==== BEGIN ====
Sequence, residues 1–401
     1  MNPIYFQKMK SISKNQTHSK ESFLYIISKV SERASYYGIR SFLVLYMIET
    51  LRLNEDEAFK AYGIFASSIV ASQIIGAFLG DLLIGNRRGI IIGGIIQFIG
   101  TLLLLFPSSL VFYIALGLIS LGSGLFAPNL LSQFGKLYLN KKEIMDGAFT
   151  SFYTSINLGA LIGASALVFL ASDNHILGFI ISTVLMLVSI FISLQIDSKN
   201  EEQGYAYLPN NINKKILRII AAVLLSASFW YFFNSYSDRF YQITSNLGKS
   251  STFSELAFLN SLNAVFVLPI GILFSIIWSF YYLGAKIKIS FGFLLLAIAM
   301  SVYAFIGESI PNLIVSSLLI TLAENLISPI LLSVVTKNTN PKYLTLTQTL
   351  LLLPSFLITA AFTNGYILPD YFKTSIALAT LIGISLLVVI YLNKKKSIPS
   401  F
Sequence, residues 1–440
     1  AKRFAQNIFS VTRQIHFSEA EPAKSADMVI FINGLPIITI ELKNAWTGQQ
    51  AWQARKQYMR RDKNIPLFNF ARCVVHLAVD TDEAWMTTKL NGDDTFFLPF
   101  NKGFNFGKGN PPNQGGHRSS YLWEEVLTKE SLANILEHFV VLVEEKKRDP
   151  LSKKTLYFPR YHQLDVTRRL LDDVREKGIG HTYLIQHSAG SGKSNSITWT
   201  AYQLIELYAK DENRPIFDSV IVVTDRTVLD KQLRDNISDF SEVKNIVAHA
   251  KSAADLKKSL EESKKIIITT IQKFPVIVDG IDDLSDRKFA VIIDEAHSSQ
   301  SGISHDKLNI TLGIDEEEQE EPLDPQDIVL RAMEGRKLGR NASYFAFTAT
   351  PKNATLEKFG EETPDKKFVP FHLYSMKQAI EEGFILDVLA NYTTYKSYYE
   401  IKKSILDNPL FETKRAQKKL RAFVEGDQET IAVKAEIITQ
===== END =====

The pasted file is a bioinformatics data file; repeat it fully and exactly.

Sequence, residues 1–401
     1  MNPIYFQKMK SISKNQTHSK ESFLYIISKV SERASYYGIR SFLVLYMIET
    51  LRLNEDEAFK AYGIFASSIV ASQIIGAFLG DLLIGNRRGI IIGGIIQFIG
   101  TLLLLFPSSL VFYIALGLIS LGSGLFAPNL LSQFGKLYLN KKEIMDGAFT
   151  SFYTSINLGA LIGASALVFL ASDNHILGFI ISTVLMLVSI FISLQIDSKN
   201  EEQGYAYLPN NINKKILRII AAVLLSASFW YFFNSYSDRF YQITSNLGKS
   251  STFSELAFLN SLNAVFVLPI GILFSIIWSF YYLGAKIKIS FGFLLLAIAM
   301  SVYAFIGESI PNLIVSSLLI TLAENLISPI LLSVVTKNTN PKYLTLTQTL
   351  LLLPSFLITA AFTNGYILPD YFKTSIALAT LIGISLLVVI YLNKKKSIPS
   401  F
Sequence, residues 1–440
     1  AKRFAQNIFS VTRQIHFSEA EPAKSADMVI FINGLPIITI ELKNAWTGQQ
    51  AWQARKQYMR RDKNIPLFNF ARCVVHLAVD TDEAWMTTKL NGDDTFFLPF
   101  NKGFNFGKGN PPNQGGHRSS YLWEEVLTKE SLANILEHFV VLVEEKKRDP
   151  LSKKTLYFPR YHQLDVTRRL LDDVREKGIG HTYLIQHSAG SGKSNSITWT
   201  AYQLIELYAK DENRPIFDSV IVVTDRTVLD KQLRDNISDF SEVKNIVAHA
   251  KSAADLKKSL EESKKIIITT IQKFPVIVDG IDDLSDRKFA VIIDEAHSSQ
   301  SGISHDKLNI TLGIDEEEQE EPLDPQDIVL RAMEGRKLGR NASYFAFTAT
   351  PKNATLEKFG EETPDKKFVP FHLYSMKQAI EEGFILDVLA NYTTYKSYYE
   401  IKKSILDNPL FETKRAQKKL RAFVEGDQET IAVKAEIITQ